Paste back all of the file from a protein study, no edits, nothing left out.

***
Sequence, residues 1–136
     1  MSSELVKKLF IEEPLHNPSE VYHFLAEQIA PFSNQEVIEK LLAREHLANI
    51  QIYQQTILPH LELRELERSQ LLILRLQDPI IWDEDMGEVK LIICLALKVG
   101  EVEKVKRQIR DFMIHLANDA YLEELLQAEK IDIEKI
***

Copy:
Sequence, residues 1–136
     1  MSSELVKKLF IEEPLHNPSE VYHFLAEQIA PFSNQEVIEK LLAREHLANI
    51  QIYQQTILPH LELRELERSQ LLILRLQDPI IWDEDMGEVK LIICLALKVG
   101  EVEKVKRQIR DFMIHLANDA YLEELLQAEK IDIEKI